Media M&A Outlook Looking Stronger

EY says execs see convergence, digital as driving factors to do deals

The outlook for mergers and acquisitions in the media and entertainment sector is looking stronger as CEOs surveyed by consultant EY (formerly Ernst & Young) see convergence and digital technology advances driving additional deals.

According to EY’s 15th biannual Media & Entertainment Capital Confidence Barometer (CCB), about 31% of CEOs surveyed picked sector convergence as the greatest disruptor to media and entertainment businesses. 

Digital remains at the heart of corporate strategy in the sector. Nearly a third (31%) of executives saw the impact of digital technology on the business model at the top of the boardroom agenda over the past six months.

Those two factors are also forcing executives to seek out cross-sector deals and making deeper dives into adjacent or unrelated industries. According to the report, access to new technologies is the strongest driver toward such transactions, according to 67% of executives.

“Unprecedented, unrelenting advances in technology and the swift emergence of new platforms and services are driving change in consumer behaviors, upending long-standing media ecosystems and blurring sector lines,” said EY Global Media & Entertainment Leader, Transaction Advisory Services John Harrison in a statement. “Companies are aggressively seeking the innovation needed to position for future success and are looking to acquisitions, alliances and joint ventures to catalyze transformation.”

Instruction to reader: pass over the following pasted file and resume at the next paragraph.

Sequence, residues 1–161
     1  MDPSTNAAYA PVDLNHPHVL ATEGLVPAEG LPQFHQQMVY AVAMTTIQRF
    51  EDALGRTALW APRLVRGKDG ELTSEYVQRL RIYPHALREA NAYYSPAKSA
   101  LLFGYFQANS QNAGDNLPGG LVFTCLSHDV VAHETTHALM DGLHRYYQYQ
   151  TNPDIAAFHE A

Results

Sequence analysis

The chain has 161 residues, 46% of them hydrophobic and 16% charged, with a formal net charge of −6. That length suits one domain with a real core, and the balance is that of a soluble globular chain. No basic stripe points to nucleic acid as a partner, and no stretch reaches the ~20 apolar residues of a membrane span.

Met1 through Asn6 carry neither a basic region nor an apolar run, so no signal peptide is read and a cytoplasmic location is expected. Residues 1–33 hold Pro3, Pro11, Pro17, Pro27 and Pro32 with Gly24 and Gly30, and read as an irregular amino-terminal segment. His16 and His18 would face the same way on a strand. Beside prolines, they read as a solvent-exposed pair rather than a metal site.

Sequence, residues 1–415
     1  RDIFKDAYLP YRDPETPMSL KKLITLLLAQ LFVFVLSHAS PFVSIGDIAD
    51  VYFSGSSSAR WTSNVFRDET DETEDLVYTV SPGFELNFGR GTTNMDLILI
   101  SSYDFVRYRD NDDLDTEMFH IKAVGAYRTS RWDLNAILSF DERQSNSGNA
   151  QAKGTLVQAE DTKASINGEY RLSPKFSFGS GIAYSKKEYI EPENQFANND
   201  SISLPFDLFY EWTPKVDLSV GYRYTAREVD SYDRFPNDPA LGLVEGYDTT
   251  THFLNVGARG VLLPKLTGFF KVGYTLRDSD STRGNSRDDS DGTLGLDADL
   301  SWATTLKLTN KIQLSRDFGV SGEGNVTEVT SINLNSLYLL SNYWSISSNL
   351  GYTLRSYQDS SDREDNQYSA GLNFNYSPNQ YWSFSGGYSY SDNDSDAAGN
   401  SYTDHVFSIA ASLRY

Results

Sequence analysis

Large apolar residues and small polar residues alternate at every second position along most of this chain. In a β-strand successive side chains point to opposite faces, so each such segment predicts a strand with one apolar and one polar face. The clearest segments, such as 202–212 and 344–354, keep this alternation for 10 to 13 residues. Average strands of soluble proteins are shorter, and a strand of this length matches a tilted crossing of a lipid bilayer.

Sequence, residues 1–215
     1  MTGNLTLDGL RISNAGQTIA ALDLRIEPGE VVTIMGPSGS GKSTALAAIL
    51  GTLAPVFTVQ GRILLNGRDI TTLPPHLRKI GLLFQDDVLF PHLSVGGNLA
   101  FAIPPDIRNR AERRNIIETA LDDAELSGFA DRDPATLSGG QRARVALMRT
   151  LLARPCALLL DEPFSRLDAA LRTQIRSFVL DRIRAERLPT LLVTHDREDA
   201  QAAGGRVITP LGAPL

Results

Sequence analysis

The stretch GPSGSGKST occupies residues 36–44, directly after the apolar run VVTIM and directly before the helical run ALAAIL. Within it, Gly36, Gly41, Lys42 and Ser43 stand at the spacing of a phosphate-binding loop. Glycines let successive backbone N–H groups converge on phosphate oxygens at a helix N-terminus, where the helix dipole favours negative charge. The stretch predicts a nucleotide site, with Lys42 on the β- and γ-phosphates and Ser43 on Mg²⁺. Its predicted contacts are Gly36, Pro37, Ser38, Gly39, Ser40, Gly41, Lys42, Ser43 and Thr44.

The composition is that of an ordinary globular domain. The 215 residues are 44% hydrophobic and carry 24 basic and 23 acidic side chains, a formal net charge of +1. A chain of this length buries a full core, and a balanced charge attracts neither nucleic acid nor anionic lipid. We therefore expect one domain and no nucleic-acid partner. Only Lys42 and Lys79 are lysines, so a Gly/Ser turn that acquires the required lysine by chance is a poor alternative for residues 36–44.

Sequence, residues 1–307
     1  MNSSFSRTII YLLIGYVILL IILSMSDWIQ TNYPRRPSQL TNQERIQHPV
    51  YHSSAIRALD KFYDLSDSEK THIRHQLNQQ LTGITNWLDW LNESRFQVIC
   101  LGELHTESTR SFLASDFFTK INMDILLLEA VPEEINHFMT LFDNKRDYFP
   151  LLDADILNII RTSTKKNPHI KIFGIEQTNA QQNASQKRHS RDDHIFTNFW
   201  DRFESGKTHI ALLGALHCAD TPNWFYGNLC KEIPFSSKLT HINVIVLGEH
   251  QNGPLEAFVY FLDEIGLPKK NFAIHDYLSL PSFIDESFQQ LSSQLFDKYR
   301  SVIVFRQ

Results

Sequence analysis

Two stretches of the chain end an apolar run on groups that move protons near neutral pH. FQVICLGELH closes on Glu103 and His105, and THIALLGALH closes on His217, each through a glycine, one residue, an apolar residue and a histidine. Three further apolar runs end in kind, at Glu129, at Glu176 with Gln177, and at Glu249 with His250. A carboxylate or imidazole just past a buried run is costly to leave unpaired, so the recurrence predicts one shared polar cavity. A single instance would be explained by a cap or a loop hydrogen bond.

More than half (56%) of industry executives expect to pursue acquisitions in the next 12 months, up from 46% six months ago. This appetite for dealmaking remains well above CCB’s long-term average of 45%, pointing to an upturn in M&A in the first half of 2017. Executives also expressed a high level of confidence in key deal indicators – 92% had stable-to-positive confidence in the number of acquisition opportunities, 85% in the quality of acquisition opportunities and 94% in the likelihood of closing acquisitions.

About 73% of executives see the global economy as stable (53%) or improving (20%), but macroeconomic risks still exist. The rise of populist parties across the globe has become a rising concern for executives, with 27% of the executive surveyed regarding political stability as the most important risk to their business in the next year. However, EY said this is not causing M&E companies to slow down cross-border investment. 

Companies are also expanding their geographic reach to gain exposure to high-growth regions and under-penetrated markets, with 42% targeting a cross-border acquisition in the coming year. The top five destinations for 2017 will be the U.S., France, the UK, Germany and China.

“The M&E landscape has never been more interesting or dynamic,” Harrison said in a statement. “The pace of change is accelerating as media, entertainment, tech and telecom merge into a single ‘super sector’ of competitors and collaborators. Standing still is not an option.”